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New research reveals female bankers regularly outperform men on trading floor

An initial study by Alexander Mann Solutions reveals fascinating findings around the behavioural differences and propensity for trading ability between male and female entry-level graduates.

Alexander Mann Solutions, the world’s leading provider of talent acquisition and management services, and Trading Hub, a global financial information services company (the trading name of Financial Skills Limited), have today released an initial study into assessing the behavioural differences and propensity for trading ability between male and female entry level graduates.

The findings from the study, with a sample size of circa 350 entry level graduates participating in a trading simulation over four weeks, highlighted that females outperformed males on trading simulations in three key areas:

  • Female traders take 30% less risk than the average male trader
  • Male traders place 27% more trades than female traders, increasing the onward cost of associated brokerage and transaction fees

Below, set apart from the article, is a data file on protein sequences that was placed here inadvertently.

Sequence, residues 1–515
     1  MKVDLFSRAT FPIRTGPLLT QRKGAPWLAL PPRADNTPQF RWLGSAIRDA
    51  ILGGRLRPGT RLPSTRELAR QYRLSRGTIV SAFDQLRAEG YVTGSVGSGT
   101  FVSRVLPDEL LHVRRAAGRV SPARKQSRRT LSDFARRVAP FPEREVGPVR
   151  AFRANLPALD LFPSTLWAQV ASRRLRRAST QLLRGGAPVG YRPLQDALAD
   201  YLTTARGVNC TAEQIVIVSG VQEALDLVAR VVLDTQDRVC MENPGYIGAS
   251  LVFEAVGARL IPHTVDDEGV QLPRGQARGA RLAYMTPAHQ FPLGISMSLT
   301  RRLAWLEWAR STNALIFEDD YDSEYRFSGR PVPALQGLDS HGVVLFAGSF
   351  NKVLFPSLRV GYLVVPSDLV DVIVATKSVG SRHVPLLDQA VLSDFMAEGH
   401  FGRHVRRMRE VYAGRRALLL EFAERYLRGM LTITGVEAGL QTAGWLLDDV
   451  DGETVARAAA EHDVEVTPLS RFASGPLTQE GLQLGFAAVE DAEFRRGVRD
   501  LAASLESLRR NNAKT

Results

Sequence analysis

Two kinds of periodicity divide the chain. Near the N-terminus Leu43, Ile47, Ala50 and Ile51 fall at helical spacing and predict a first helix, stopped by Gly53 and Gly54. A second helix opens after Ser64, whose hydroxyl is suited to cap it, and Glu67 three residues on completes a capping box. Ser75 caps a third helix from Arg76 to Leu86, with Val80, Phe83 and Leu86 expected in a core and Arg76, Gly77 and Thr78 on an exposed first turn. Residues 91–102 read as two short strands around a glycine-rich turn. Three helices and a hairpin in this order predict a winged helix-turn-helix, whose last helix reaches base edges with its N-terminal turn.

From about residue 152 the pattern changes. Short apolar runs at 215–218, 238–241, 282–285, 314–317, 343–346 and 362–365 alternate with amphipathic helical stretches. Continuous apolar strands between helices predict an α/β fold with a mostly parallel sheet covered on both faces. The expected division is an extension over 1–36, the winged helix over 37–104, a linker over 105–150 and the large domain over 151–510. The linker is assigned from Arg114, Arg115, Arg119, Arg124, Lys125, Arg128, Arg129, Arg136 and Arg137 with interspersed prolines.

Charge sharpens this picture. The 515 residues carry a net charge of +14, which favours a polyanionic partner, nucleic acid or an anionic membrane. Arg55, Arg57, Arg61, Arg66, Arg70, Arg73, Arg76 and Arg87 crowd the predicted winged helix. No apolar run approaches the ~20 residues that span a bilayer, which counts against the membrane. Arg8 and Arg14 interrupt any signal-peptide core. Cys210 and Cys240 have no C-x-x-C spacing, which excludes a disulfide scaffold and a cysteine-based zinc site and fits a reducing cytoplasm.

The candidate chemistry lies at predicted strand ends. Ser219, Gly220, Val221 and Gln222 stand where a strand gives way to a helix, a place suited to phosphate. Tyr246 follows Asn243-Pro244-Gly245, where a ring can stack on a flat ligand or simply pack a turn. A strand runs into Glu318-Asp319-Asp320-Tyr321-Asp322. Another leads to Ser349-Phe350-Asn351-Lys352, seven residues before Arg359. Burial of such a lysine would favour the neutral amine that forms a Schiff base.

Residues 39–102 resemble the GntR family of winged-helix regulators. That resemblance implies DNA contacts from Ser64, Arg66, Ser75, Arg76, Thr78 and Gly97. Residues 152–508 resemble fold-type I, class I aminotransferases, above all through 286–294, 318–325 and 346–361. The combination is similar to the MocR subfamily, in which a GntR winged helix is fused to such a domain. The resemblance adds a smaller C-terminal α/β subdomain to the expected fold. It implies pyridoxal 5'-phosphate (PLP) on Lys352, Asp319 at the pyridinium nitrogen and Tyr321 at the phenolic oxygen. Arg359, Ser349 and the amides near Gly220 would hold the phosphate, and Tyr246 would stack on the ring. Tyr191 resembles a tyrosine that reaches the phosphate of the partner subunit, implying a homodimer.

• Male traders are 2.5 times more likely to break the rules than their female counterparts, demonstrating a greater risk of chance or recklessness

The findings show that investment banks and trading institutions have the opportunity to be proactive in shifting their trading cultures, and not risk losing profitability in doing so.  By increasing female representation on trading floors, investment banks, hedge funds and brokerage houses can positively shift their institutional cultures relating to risk and regulatory compliance. Given that female trading activity delivered equitable levels of profitability but with far fewer trade positions placed, trading floors could actually benefit from less cost incurred through lower brokerage fees.

Jo Feely, Global Client Partner at Alexander Mann Solutions, commented: “We believe this study points to gender diversity being a key lever which banks can pull to enable cultural change. The findings suggest a greater gender balance could help drive culture change – a change which may create less volatility, less rule-breaking and less risk. We hope our findings can be used as the catalyst for debate across the industry and as thought leaders we are happy to manage that debate.” 

David Hesketh, Chief Operating Officer at Trading Hub, added: “The question of how to boost female professionals to pursue careers in the industry, and in particular investment banking, has never been more critical. This study shows us that banks have a direct financial interest in levelling the gender imbalance.”

To download the case study, please visit: http://www.alexandermannsolutions.com/2015/01/women-better-traders-men/